judge selection and term of office: Supreme Court president and judges appointed by the president of the republic upon the advice of the National Assembly; judges appointed for single renewable 5-year terms; Constitutional Court members - 4 appointed by the National Assembly and 3 by the president of the republic; members appointed for single renewable 5-year terms; other members of the High Court of Justice elected by the National Assembly; member tenure NA

subordinate courts: Court of Appeal or Cour d'Appel; district courts; village courts; Assize courts

Political parties and leaders

Alliance for a Triumphant Benin or ABT [Abdoulaye BIO TCHANE]
African Movement for Development and Progress or MADEP [Sefou FAGBOHOUN]
Benin Renaissance or RB [Lehady SOGLO]
Cowrie Force for an Emerging Benin or FCBE [Yayi BONI]
Democratic Renewal Party or PRD [Adrien HOUNGBEDJI]
National Alliance for Development and Democracy or AND [Valentin Aditi HOUDE]
New Consciousness Rally or NC [Pascal KOUPAKI]
Patriotic Awakening or RP [Janvier YAHOUEDEOU]
Social Democrat Party or PSD [Emmanuel GOLOU]
Sun Alliance or AS [Sacca LAFIA]
Union Makes the Nation or UN [Adrien HOUNGBEDJI] (includes PRD, MADEP)
United Democratic Forces or FDU [Mathurin NAGO]

note: approximately 20 additional minor parties

International organization participation

ACP, AfDB, AU, CD, ECOWAS, Entente, FAO, FZ, G-77, IAEA, IBRD, ICAO, ICCt, ICRM, IDA, IDB, IFAD, IFC, IFRCS, ILO, IMF, IMO, Interpol, IOC, IOM, IPU, ISO, ITSO, ITU, ITUC (NGOs), MIGA, MINUSMA, MONUSCO, NAM, OAS (observer), OIC, OIF, OPCW, PCA, UN, UNAMID, UNCTAD, UNESCO, UNHCR, UNIDO, UNMIL, UNMISS, UNOCI, UNWTO, UPU, WADB (regional), WAEMU, WCO, WFTU (NGOs), WHO, WIPO, WMO, WTO

Diplomatic representation in the US

chief of mission: Ambassador Jean Claude Felix DO REGO (since 17 July 2020)

chancery: 2124 Kalorama Road NW, Washington, DC 20008

telephone: [1] (202) 232-6656

FAX: [1] (202) 265-1996

Diplomatic representation from the US

chief of mission: Ambassador Patricia MAHONEY (since 18 January 2019)

telephone: [229] 21-30-06-50

embassy: Marina Avenue, 01 BP 2012, Cotonou

mailing address: 01 B. P. 2012, Cotonou

FAX: [229] 21-30-03-84

Flag description

two equal horizontal bands of yellow (top) and red (bottom) with a vertical green band on the hoist side; green symbolizes hope and revival, yellow wealth, and red courage

note: uses the popular Pan-African colors of Ethiopia

National symbol(s)

leopard; national colors: green, yellow, red

National anthem

name: "L'Aube Nouvelle" (The Dawn of a New Day)

lyrics/music: Gilbert Jean DAGNON

note: adopted 1960

Economy

Economic overview

The free market economy of Benin has grown consecutively for four years, though growth slowed in 2017, as its close trade links to Nigeria expose Benin to risks from volatile commodity prices. Cotton is a key export commodity, with export earnings significantly impacted by the price of cotton in the broader market. The economy began deflating in 2017, with the consumer price index falling 0.8%.

During the first two years of President TALON’s administration, which began in April 2016, the government has followed an ambitious action plan to kickstart development through investments in infrastructure, education, agriculture, and governance. Electricity generation, which has constrained Benin’s economic growth, has increased and blackouts have been considerably reduced. Private foreign direct investment is small, and foreign aid accounts for a large proportion of investment in infrastructure projects.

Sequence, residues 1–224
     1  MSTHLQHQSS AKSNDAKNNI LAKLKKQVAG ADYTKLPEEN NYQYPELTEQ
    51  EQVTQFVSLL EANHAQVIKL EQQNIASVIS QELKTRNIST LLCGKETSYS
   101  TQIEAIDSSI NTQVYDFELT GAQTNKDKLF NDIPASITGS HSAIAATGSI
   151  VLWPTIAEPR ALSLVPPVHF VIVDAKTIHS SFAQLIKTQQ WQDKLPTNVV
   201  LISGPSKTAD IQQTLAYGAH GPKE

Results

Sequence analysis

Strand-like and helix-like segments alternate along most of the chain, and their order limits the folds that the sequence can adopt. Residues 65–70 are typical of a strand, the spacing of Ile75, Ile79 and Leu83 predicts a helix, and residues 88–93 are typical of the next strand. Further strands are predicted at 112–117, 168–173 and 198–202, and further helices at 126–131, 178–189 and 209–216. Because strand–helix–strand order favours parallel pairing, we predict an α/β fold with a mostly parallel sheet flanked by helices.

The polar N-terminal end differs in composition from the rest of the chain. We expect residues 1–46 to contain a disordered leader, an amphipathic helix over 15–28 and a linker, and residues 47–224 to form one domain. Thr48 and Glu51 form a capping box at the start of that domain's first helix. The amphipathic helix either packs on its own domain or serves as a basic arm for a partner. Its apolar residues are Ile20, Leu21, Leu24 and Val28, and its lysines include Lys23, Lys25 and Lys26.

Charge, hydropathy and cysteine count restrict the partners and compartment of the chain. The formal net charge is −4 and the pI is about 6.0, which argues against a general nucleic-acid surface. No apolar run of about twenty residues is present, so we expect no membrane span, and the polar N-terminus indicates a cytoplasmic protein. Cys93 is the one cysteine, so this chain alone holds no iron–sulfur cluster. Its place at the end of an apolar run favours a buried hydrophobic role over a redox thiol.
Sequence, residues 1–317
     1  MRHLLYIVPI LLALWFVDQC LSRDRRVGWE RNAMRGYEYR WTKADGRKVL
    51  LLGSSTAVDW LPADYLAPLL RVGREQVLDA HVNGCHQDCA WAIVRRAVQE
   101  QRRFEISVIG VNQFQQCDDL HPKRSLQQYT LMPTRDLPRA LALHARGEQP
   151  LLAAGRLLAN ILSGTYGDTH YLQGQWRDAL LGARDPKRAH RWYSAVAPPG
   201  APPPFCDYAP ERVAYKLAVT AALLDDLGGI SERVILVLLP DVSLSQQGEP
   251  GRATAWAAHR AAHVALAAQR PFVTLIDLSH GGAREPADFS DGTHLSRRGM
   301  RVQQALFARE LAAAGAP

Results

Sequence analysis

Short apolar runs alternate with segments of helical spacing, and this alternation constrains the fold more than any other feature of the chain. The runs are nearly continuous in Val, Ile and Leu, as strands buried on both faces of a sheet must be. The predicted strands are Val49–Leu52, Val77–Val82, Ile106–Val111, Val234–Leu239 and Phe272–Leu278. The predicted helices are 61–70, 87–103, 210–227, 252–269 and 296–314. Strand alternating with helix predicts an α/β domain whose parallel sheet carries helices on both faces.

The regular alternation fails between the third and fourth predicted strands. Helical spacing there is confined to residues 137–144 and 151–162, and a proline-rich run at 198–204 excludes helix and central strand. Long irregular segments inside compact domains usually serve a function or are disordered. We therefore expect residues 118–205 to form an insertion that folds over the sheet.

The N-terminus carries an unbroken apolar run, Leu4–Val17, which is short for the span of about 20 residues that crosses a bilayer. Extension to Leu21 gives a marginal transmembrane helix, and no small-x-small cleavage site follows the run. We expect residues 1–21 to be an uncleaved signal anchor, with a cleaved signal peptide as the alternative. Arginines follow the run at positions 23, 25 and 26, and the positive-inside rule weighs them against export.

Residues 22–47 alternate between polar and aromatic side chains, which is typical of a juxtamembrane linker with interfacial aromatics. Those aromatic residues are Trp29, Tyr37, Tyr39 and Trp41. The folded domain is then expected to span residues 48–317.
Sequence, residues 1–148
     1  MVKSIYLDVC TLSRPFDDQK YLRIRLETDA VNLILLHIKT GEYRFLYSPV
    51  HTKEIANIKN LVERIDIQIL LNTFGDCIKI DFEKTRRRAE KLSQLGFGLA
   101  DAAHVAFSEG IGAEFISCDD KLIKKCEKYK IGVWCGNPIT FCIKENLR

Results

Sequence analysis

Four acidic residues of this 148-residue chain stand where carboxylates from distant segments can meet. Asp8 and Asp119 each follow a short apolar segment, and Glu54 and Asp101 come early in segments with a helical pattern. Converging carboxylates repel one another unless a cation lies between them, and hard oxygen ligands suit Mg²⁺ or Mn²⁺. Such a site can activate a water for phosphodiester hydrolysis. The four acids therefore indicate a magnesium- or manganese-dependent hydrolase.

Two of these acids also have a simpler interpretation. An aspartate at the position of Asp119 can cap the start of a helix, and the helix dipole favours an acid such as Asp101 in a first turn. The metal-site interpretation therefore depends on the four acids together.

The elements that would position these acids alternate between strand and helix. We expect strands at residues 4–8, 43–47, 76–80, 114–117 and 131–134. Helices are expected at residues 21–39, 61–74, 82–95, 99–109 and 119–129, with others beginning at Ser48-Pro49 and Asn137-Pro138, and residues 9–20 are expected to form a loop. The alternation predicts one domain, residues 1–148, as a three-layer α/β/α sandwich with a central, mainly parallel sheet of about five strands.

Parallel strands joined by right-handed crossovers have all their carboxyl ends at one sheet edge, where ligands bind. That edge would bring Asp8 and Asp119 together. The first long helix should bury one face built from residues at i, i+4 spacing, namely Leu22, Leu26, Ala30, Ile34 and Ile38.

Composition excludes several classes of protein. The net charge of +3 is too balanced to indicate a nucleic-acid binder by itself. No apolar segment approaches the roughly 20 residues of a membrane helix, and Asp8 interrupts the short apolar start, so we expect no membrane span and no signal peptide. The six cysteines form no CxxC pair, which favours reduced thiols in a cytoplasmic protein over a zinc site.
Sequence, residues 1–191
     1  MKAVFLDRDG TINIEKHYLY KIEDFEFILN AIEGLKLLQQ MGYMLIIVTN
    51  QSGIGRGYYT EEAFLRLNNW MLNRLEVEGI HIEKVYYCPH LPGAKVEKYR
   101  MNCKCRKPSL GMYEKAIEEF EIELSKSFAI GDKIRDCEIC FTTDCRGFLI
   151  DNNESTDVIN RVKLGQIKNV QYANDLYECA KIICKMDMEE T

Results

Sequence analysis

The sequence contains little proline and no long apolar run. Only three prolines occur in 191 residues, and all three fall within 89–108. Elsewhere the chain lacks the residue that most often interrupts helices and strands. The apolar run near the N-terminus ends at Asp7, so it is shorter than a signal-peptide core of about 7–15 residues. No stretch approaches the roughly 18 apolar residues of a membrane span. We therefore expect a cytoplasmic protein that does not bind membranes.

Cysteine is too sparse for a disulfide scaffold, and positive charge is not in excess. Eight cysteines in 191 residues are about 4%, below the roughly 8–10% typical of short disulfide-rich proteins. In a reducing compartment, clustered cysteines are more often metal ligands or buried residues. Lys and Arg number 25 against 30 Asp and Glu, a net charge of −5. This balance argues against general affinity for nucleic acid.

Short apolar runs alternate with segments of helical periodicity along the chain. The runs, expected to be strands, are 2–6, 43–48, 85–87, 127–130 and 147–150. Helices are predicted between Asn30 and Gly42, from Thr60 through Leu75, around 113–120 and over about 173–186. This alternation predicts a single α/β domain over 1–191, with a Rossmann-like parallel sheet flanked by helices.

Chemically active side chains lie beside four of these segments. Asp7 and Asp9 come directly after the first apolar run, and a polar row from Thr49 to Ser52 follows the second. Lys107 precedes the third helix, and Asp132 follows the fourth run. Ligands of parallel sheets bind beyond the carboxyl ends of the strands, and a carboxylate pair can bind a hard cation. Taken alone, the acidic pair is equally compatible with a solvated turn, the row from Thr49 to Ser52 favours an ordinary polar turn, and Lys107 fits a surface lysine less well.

Benin has appealed for international assistance to mitigate piracy against commercial shipping in its territory, and has used equipment from donors effectively against such piracy. Pilferage has significantly dropped at the Port of Cotonou, though the port is still struggling with effective implementation of the International Ship and Port Facility Security (ISPS) Code. Projects included in Benin's $307 million Millennium Challenge Corporation (MCC) first compact (2006-11) were designed to increase investment and private sector activity by improving key institutional and physical infrastructure. The four projects focused on access to land, access to financial services, access to justice, and access to markets (including modernization of the port). The Port of Cotonou is a major contributor to Benin’s economy, with revenues projected to account for more than 40% of Benin’s national budget.

Benin will need further efforts to upgrade infrastructure, stem corruption, and expand access to foreign markets to achieve its potential. In September 2015, Benin signed a second MCC Compact for $375 million that entered into force in June 2017 and is designed to strengthen the national utility service provider, attract private sector investment, fund infrastructure investments in electricity generation and distribution, and develop off-grid electrification for poor and unserved households. As part of the Government of Benin’s action plan to spur growth, Benin passed public private partnership legislation in 2017 to attract more foreign investment, place more emphasis on tourism, facilitate the development of new food processing systems and agricultural products, encourage new information and communication technology, and establish Independent Power Producers. In April 2017, the IMF approved a three year $150.4 million Extended Credit Facility agreement to maintain debt sustainability and boost donor confidence.

Communications

Telephones - fixed lines

total subscriptions: 37,305

subscriptions per 100 inhabitants: less than 1 (2019 est.)

country comparison to the world: 164

Telephones - mobile cellular

total subscriptions: 10,905,559

subscriptions per 100 inhabitants: 87.7 (2019 est.)

country comparison to the world: 80

Telecommunication systems

general assessment: fixed-line network characterized by aging, deteriorating equipment; mobile networks account for almost all Internet connections; govt. to provide telecom services to 80% of the country, mostly via mobile infrastructure by restructuring state-owned telecom companies; (mobile number portability) MNP is available; Benin joins free roaming scheme (2019)